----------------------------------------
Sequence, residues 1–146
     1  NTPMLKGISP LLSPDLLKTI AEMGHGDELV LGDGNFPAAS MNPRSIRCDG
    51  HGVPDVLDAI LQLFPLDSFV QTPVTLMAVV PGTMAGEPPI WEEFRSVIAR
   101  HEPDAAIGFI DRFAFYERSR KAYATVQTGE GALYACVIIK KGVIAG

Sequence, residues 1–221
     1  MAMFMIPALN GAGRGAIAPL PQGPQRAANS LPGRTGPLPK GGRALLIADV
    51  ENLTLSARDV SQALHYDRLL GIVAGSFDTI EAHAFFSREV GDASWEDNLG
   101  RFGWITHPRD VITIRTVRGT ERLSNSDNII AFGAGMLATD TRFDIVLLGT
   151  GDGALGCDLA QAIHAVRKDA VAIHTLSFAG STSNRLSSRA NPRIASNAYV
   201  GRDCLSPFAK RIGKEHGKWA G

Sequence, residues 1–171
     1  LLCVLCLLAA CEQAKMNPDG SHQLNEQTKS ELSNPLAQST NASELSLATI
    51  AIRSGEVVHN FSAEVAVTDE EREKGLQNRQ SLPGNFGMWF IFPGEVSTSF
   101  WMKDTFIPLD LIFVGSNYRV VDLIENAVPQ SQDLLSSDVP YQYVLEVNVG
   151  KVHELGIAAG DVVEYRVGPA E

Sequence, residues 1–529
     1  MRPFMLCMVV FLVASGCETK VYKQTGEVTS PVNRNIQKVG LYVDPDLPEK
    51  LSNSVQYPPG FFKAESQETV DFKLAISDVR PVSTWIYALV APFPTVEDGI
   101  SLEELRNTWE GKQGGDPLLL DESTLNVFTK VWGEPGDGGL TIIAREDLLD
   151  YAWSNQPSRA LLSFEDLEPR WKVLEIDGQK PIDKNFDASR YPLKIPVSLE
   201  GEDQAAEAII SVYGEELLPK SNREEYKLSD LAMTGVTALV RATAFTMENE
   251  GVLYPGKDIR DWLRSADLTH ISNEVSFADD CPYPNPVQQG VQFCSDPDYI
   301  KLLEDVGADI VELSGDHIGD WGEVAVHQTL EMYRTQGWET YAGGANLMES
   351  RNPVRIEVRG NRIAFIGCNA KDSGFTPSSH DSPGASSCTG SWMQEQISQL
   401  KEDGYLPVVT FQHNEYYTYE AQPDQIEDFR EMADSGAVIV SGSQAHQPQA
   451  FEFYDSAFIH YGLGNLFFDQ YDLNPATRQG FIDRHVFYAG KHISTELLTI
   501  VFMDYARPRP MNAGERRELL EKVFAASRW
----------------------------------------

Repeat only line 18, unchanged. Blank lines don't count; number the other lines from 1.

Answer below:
    51  LSNSVQYPPG FFKAESQETV DFKLAISDVR PVSTWIYALV APFPTVEDGI